Eugene Weekly : Viewpoint : 11.23.11

Mutual Aid Society

Anarchy does not mean violence

Calling anarchists violent is every bit as prejudiced and ignorant as calling black people thieves; the difference is people freely get away with it and are even encouraged to do so. FOX News does so on a daily basis with complete immunity since the liberal civil rights industrial complex isn’t about to protect the rights of nonviolent anarchists. They don’t even vote, for crying out loud. Those mischievous masked seventh graders who break windows and call themselves anarchists have no idea about the rich intellectual history of the movement; they’re just being anti-authoritarian and rebellious. They have never heard of the 19th century anarchist giants like Reclus and Kropotkin, any one of them more intelligent than the Founding Fathers combined. Others have read the masters, but through some intellectual deficit prefer the likes of Emma Goldman and the Italian anarchist Luigi Galleani who advocated “propaganda through deed.” Galleani’s followers perpetuated the 1920 Wall Street bombing that killed 38 and wounded more than 140. But the overwhelming majority of true anarchists are ordinary people from all over the world who are not violent, and whose only crime is choosing to exercise their right to think for themselves and seek a stateless society free from the influence of the church, centralized government and capitalist economic system.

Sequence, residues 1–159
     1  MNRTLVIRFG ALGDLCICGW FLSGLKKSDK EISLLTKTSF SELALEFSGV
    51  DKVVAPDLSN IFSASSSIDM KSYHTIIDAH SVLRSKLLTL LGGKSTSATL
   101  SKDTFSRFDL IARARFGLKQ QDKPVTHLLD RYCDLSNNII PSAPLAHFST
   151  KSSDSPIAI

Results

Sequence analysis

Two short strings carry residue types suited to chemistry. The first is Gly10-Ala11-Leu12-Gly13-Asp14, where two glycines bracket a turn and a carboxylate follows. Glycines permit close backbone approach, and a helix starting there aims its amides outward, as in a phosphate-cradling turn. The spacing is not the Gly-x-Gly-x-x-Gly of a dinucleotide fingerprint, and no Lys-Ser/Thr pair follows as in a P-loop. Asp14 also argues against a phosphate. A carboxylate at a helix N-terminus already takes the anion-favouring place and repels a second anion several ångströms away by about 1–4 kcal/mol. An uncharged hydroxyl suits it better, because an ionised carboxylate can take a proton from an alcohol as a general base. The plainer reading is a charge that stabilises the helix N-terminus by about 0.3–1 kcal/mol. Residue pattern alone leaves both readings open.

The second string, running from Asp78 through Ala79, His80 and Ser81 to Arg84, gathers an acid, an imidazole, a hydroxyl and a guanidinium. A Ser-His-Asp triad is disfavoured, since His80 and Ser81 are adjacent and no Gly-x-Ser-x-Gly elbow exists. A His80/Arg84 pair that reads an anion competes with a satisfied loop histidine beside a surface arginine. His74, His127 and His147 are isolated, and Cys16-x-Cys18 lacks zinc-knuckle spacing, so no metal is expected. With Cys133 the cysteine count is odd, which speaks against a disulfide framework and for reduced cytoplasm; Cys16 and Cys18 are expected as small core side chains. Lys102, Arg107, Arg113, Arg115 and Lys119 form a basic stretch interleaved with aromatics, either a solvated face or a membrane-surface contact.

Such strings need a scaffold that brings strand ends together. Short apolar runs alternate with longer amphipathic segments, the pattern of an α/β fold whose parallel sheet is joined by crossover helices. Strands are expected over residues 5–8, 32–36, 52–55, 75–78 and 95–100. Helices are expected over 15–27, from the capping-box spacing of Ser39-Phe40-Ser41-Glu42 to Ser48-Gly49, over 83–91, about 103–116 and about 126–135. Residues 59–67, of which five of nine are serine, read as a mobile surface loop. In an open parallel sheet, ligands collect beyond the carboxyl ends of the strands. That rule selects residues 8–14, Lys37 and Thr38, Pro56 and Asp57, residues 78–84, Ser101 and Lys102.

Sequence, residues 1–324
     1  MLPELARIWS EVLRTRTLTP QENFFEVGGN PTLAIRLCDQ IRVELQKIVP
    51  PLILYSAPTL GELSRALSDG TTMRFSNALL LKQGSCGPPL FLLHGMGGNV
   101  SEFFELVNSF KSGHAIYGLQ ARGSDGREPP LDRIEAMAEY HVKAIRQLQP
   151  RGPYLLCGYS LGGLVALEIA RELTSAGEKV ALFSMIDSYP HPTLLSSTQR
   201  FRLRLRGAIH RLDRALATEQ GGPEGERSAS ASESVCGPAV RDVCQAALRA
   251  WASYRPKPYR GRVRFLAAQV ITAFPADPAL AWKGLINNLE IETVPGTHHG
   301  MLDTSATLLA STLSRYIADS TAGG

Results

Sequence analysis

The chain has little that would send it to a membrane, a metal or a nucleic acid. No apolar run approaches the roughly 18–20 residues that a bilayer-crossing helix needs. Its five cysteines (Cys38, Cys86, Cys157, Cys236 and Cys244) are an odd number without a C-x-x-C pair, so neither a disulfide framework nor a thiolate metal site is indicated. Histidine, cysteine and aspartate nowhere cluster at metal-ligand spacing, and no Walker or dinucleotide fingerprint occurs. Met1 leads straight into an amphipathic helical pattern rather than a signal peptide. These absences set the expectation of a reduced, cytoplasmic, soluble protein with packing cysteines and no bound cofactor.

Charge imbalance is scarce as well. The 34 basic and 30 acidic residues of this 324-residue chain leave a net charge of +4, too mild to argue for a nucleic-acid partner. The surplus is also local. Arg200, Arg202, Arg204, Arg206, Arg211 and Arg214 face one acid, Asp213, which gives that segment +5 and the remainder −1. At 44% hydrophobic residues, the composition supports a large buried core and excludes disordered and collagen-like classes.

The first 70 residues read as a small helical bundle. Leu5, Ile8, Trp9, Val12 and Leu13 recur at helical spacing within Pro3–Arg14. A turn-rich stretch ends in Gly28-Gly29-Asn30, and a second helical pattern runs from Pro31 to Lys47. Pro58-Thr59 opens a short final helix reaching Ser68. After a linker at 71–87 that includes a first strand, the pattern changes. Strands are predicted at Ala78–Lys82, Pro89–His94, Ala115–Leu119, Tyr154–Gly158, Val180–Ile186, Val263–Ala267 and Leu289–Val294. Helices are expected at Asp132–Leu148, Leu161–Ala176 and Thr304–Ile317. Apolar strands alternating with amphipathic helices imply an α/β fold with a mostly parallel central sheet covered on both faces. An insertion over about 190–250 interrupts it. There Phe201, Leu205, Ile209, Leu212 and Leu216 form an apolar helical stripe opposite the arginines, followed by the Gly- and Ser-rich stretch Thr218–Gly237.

The word anarchy comes from the Greek word anarchia, which means without a leader. There is an extremely good reason the rulers-of-might have made certain American history books equate anarchy with violence to scare people away from learning any more about it. Unlike communism, anarchy is an extremely viable alternative to representative democracy that is much more efficient and doesn’t require an Owellian centralized bureaucracy to manage it. There is no greater threat to any form of government than for ordinary people to realize how powerful they truly are when they become better organized and more self-reliant. Where in democracy you are a vote and in socialism you are a worker, anarchy is the radical notion you are a human being with immeasurable intrinsic value.  

The Russian anarchist writer Peter Kropotkin was a crown prince who renounced all claim to the throne and any inheritance and instead chose a simple life of extensive travel and study. He was said to have lived a near-perfect life. Where Charles Darwin had examined the natural world and concluded survival of the fittest to be the catalyst for natural selection, Kropotkin — who was, in fact, far better traveled than Darwin as well as a more astute geographer who lived among many native peoples — concluded that mutual aid, animals helping one another, was more important to a species survival than survival of the fittest. Those animals that cooperated together the best had a better chance of survival than the fittest individual. Human nature, Kropotkin argued, was cooperative, not competitive. An optimism that defined his political thought and was lost to history.